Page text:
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All Over by Roy Kesey

All Over

by Roy Kesey

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All over is a collection of 19 short stories, by the American author Roy Kesey. Kesey is the author of four books, Nanjing: A Cultural and Historical Guide, and two short stories collections: Nothing in the World, and All over, written and published in 2007 while living in Beijing, and his latest, Pacazo, a novel published in 2011. Kesey now resides in Maryland

At a total of 145 pages, this means each story in All over is very short, at an average length of just about eight pages. All stories are highly charged with a feverish energy and dynamic, and some of them are characterised by a frantic verbosity, which make them somewhat difficult to read, and require attentive reading. The writing can be called experimental, with parts of regular prose interspersed with ultra-short paragraphs, and short-style dialogue, which raises the pace of reading. Formal and informal styles are mixed.

The premise of most stories is some form of weirdness, but very close to real-life experience. For instance, the first story, "Invunche y voladora" swirls around the irritations that develop between lovers in long relationships, but this couple is newly-wed. Thus, the story bears out the tale of many failed marriages on the first day of honeymoon. Cleverly done, and one of the better stories in the collection.

In the short story "Loess", the narrator is the former Chinese Prime-Minister Zhou Enlai who outlines to Chairman Mao Zedong how they will shape Chinese history. The story is told from their pre-natal perspective.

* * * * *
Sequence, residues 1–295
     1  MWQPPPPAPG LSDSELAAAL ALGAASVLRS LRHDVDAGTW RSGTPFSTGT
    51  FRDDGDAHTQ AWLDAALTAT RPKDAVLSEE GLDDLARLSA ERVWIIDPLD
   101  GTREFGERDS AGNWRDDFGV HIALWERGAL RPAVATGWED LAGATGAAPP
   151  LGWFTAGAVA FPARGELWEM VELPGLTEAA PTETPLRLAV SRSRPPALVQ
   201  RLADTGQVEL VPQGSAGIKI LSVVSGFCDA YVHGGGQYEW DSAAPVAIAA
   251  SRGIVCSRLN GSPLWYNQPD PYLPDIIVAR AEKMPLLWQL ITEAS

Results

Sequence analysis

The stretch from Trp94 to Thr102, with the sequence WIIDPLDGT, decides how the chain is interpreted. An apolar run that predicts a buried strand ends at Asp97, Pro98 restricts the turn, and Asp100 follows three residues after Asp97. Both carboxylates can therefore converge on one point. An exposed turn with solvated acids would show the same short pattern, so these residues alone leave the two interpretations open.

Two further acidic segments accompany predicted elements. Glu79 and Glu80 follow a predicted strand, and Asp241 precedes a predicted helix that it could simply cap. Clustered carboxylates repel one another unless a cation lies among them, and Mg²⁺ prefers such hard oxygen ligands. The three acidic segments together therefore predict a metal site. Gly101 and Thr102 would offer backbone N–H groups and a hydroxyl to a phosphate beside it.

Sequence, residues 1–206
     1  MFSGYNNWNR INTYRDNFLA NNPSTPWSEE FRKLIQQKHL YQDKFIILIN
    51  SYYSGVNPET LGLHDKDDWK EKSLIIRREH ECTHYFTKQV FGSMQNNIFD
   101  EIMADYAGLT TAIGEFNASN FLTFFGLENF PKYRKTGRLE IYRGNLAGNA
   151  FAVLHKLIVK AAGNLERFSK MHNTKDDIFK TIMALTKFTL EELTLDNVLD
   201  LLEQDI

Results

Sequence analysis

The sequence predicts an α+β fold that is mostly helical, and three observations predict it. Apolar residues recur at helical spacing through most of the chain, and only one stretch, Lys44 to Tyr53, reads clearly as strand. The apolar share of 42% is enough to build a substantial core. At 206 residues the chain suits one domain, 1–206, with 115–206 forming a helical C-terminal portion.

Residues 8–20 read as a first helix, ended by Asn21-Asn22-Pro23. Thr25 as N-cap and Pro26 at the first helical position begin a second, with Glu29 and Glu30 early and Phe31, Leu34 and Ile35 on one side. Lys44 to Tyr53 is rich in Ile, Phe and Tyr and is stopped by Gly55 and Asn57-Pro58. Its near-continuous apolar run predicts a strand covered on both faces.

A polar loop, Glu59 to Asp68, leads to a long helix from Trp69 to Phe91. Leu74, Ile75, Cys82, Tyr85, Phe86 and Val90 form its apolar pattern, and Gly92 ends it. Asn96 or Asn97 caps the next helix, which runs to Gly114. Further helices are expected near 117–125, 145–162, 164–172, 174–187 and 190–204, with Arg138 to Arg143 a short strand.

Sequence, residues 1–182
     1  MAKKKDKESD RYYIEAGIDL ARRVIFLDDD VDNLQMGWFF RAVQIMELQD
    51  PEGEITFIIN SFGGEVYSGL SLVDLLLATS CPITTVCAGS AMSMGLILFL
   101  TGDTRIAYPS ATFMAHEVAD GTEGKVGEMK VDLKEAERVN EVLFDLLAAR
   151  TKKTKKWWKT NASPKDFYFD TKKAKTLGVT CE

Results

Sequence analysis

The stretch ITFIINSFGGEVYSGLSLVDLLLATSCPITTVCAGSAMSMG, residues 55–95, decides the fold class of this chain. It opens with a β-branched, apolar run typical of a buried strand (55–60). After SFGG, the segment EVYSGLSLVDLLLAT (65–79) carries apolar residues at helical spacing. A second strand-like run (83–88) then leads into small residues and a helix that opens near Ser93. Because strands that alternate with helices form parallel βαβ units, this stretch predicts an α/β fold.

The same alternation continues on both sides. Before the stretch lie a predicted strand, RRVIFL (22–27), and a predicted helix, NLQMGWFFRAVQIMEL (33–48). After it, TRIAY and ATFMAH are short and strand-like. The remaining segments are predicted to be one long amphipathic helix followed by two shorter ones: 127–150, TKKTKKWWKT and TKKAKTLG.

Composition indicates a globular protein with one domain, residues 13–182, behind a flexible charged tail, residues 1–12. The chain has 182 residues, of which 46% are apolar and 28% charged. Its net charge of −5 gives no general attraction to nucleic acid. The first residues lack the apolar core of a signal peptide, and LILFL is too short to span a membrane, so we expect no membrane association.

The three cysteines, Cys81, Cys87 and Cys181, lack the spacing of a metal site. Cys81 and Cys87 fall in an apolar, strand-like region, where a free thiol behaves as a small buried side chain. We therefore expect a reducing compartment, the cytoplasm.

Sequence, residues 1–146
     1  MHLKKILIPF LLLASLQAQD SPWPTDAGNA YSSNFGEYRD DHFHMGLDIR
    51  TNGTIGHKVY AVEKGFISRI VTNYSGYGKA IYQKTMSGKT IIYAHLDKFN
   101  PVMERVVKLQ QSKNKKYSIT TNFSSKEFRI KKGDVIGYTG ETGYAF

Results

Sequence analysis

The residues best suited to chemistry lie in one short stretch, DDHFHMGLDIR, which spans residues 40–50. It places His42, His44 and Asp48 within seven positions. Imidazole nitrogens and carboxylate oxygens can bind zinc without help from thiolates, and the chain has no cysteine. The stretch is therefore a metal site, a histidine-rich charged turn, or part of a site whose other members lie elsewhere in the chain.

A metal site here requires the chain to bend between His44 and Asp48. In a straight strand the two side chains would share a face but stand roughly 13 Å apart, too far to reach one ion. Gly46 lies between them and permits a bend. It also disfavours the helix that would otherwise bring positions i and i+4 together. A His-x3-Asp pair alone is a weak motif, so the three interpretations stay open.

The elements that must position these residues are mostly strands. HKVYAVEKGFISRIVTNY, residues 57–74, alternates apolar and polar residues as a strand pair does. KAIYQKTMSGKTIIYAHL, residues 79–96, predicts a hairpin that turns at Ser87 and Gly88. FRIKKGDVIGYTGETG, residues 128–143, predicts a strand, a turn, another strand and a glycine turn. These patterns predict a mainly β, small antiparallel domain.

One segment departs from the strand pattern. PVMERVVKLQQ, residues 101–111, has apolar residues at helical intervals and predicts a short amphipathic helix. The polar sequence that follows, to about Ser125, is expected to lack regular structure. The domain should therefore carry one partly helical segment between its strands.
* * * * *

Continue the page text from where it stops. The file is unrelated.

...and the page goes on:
There are other stories that betray their origin as being written in China, for example, "At the Pizza Hut, the Girls Build Their Towers". The story describes how customers at the Pizza Hut, being restricted to a single serving from the salad bar (used to) pile their salad incredibly high, to maximize the amount of salad ingredients which could be held on top of one (small) salad bowl.

Another story that seems inspired by China is "Scroll", the second story in the collection. It tells the story of an artist who spent 34 years to create a painting that is nine miles long and then fails to find a gallery to show it.

This collection of stories will be very interesting to readers seeking out the avant-garde of modern short-story writing, and it will be interesting to follow the further development of Roy Kesey as an emerging author. ( )
1 vote edwinbcn | Jan 16, 2013 |
I love it when a new small press succeeds right from the start. Roy Kesey's short story collection All Over is the first release from Dzanc Books, a new independent press founded by Steve Gillis and Dan Wickett, who for years has been fervently championing oft-neglected literary fiction at his Emerging Writers Network website.

They couldn't have picked a better winner than All Over for their first horse out of the starting gate. In these 19 stories, Kesey takes the reader on a tour of post-modern fiction that is at once bizarre and completely familiar. Here, you'll meet a man named Martin who thinks he's a guitar string, honeymooners who are threatened by llamas, a homeless couple who initially thrive during a garbage strike, and two girls who build a castle—complete with crenellated parapets—out of the ingredients at a Pizza Hut salad bar.

Each story is out of the ordinary, and yet we can always point to the page and say, "That could be me," or "Dude, he totally snagged my neighbor on that one—you know, the secretly-gay anesthesiologist who's totally in love with the obstetrician, the pompous ass who's completely stuck on himself?" Yes, that guy is here, along with dozens of other offbeat oddballs who, let's face it, are really just shredded pieces of you and me.

All Over opens strongly with the aforementioned honeymooners in a story called "Invunche y voladora." When they wake up in Chile the day after their wedding, both husband and wife realize they remember nothing of the ceremony or the reception that followed. As they ward off marauding llamas, survive a disastrous horseback ride, and cast worried glances at the lake where "dark shapes turn and roil and heave beneath the surface," the newlyweds pick through the already-smoldering ruin of their marriage. Kesey's writing is spare and tense, as if Raymond Carver bumped into Ernest Hemingway and "Hills Like White Elephants" decided to marry "What We Talk About When We Talk About Love."